For instance, let’s say you took out a loan together, but only your partner uses the money. But because you took out the loan together, you’re both responsible for repaying. So any late or missing payments will appear on your credit report, affecting your credit score. It doesn’t matter what state you live in, the creditor could come after both of you.

If only one of you takes out the loan and defaults on the payments, the consequences depend on where you live. In common law states, creditors may come after the other spouse only if the loan paid for joint purchases or items that benefitted the family, such as household necessities. In some states, creditors could take jointly held assets even if the loan didn’t initially pay for family purchases, but only up to a certain amount.

Debt responsibility in the case of divorce or death

As a newlywed (or soon-to-be-wed), death and divorce probably aren’t things you want to dwell on. But it’s important to be aware of your and your spouse’s financial responsibilities in these circumstances.

Again, the responsibility for debts in a divorce depends on your location. In community property states, most debts, like assets, get split fifty-fifty. In other words, you’re generally responsible for half of the debts incurred during marriage. Specific divorce laws vary by state.

Courts in common law states use “equitable distribution” rules: the judge divides assets and debts acquired during the marriage in a manner they deem fair, which may not be fifty-fifty.

What happens if you or your spouse pass away with outstanding debt? If you live in a community property state where you share most debts equally in marriage, the surviving spouse will likely have to pay the remaining balances. They’ll also be responsible for any joint loans, credit card debt, or cosigned loans, regardless of where you live.

A life insurance policy for you and your spouse can provide financial protection. The lump sum payout of the death benefit, usually tax-free, can help the surviving spouse pay for any remaining debts should something happen to one of you. It can also be used to avoid going into debt paying for current and future financial obligations, like car loans or a mortgage.

Does getting married affect your credit score?

Wherever you live, getting married won’t directly affect your credit score. However, your spouse could affect your credit score, just as you could affect theirs.

For example, creditors consider both your and your spouse’s scores to determine your eligibility and interest rates when you apply for loans and credit cards together. And if either of you have poor financial behavior, such as maxing out a joint card or making payments late on a joint loan, that could cause both of your credit scores to drop.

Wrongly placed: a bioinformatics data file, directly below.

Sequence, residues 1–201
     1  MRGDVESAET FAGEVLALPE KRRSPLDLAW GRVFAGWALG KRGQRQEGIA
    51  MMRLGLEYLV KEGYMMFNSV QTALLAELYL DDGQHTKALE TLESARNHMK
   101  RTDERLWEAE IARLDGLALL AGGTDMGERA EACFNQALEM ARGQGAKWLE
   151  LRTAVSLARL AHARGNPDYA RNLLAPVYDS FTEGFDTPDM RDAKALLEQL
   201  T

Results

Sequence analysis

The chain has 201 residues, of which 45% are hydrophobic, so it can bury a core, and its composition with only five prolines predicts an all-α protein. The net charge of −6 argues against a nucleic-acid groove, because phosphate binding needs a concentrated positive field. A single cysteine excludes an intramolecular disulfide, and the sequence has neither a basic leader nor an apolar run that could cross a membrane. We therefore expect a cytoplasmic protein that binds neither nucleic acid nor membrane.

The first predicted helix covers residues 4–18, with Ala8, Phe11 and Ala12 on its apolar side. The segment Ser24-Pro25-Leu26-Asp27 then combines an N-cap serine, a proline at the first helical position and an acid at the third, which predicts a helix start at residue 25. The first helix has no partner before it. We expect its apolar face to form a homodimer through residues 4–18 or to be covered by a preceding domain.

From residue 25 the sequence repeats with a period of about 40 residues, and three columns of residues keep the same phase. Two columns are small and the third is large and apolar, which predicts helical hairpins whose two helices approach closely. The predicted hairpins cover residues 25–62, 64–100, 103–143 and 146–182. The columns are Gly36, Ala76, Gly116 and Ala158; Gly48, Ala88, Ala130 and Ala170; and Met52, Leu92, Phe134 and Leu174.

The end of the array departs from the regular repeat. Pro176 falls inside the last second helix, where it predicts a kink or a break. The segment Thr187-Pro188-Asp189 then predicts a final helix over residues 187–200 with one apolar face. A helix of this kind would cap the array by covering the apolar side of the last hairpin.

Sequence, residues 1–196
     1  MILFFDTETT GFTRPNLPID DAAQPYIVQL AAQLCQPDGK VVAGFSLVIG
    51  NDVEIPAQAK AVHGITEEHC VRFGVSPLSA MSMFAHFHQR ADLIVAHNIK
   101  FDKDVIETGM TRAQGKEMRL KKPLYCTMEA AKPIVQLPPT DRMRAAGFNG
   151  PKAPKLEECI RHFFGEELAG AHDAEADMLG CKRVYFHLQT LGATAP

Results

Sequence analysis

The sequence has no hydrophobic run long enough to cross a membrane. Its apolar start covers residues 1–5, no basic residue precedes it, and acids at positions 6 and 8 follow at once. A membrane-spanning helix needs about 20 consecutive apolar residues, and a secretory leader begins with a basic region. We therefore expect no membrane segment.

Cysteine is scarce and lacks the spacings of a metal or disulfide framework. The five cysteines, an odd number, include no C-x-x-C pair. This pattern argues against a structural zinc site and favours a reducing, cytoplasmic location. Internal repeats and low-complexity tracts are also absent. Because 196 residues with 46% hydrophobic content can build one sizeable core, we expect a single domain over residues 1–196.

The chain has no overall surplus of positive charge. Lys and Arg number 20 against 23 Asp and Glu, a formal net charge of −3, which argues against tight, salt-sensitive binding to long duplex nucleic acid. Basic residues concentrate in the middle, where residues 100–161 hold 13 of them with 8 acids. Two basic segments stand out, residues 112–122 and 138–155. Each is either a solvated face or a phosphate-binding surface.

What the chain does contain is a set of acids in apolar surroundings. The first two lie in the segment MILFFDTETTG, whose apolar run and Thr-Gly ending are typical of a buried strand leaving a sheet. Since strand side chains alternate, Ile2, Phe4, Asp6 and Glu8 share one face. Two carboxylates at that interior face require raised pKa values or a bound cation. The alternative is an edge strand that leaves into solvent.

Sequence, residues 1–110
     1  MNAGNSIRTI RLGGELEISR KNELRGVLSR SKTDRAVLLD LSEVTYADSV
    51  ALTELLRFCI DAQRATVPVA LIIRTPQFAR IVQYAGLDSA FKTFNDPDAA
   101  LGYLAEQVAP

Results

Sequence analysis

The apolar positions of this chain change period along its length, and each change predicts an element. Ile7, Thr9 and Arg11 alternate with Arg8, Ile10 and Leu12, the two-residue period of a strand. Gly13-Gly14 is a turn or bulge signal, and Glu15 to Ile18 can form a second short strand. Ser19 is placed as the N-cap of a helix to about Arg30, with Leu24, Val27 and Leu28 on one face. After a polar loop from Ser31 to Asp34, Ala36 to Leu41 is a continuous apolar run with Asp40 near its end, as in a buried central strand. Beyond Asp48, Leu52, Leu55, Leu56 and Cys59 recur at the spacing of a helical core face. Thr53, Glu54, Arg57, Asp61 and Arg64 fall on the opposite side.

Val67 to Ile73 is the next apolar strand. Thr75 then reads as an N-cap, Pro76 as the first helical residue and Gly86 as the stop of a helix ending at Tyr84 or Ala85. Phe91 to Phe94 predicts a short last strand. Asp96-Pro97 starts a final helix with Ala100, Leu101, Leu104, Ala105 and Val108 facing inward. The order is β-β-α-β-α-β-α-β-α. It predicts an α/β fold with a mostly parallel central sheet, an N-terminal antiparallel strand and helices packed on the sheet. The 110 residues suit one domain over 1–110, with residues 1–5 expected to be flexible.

How do you discuss debt and finances before and throughout marriage?

It might not be very romantic, but discussing debt and finances before and throughout marriage is important. You and your partner should be on the same page and work out any issues as a team. Here are a few tips for beginning your financial planning journey together:

Protect your new spouse with life insurance

If you or your spouse have debts, having a life insurance policy in place can potentially help the surviving spouse pay them off if one of you passes away. It also helps ensure that your family has financial protection should something happen to one of you.

It’s easier than you think to get peace of mind by purchasing a term life insurance policy from Haven Life. It’s a simple, affordable way to make sure they can pay off debts and stay secure if you aren’t around.

Start by getting a free life insurance quote today.

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About Jessica Moore

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Haven Life is a customer-centric life insurance agency that’s backed and wholly owned by Massachusetts Mutual Life Insurance Company (MassMutual). We believe navigating decisions about life insurance, your personal finances and overall wellness can be refreshingly simple.

Our editorial policy

Haven Life is a customer centric life insurance agency that’s backed and wholly owned by Massachusetts Mutual Life Insurance Company (MassMutual). We believe navigating decisions about life insurance, your personal finances and overall wellness can be refreshingly simple.

Our content is created for educational purposes only. Haven Life does not endorse the companies, products, services or strategies discussed here, but we hope they can make your life a little less hard if they are a fit for your situation.

Haven Life is not authorized to give tax, legal or investment advice. This material is not intended to provide, and should not be relied on for tax, legal, or investment advice. Individuals are encouraged to seed advice from their own tax or legal counsel.